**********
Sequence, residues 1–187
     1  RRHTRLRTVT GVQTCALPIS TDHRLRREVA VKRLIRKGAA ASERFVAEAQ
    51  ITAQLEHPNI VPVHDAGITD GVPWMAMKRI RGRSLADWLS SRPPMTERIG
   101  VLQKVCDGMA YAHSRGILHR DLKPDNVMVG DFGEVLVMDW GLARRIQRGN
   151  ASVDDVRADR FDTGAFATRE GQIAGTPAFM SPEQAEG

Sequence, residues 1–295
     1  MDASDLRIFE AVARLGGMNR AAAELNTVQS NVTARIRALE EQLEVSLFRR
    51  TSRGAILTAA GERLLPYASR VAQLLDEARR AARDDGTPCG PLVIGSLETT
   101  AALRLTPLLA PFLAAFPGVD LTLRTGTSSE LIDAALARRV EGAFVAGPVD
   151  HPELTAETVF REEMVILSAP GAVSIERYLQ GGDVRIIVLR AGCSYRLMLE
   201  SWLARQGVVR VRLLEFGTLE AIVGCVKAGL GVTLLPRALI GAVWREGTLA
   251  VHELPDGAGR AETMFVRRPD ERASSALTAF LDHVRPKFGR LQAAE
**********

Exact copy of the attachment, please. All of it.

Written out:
Sequence, residues 1–187
     1  RRHTRLRTVT GVQTCALPIS TDHRLRREVA VKRLIRKGAA ASERFVAEAQ
    51  ITAQLEHPNI VPVHDAGITD GVPWMAMKRI RGRSLADWLS SRPPMTERIG
   101  VLQKVCDGMA YAHSRGILHR DLKPDNVMVG DFGEVLVMDW GLARRIQRGN
   151  ASVDDVRADR FDTGAFATRE GQIAGTPAFM SPEQAEG

Sequence, residues 1–295
     1  MDASDLRIFE AVARLGGMNR AAAELNTVQS NVTARIRALE EQLEVSLFRR
    51  TSRGAILTAA GERLLPYASR VAQLLDEARR AARDDGTPCG PLVIGSLETT
   101  AALRLTPLLA PFLAAFPGVD LTLRTGTSSE LIDAALARRV EGAFVAGPVD
   151  HPELTAETVF REEMVILSAP GAVSIERYLQ GGDVRIIVLR AGCSYRLMLE
   201  SWLARQGVVR VRLLEFGTLE AIVGCVKAGL GVTLLPRALI GAVWREGTLA
   251  VHELPDGAGR AETMFVRRPD ERASSALTAF LDHVRPKFGR LQAAE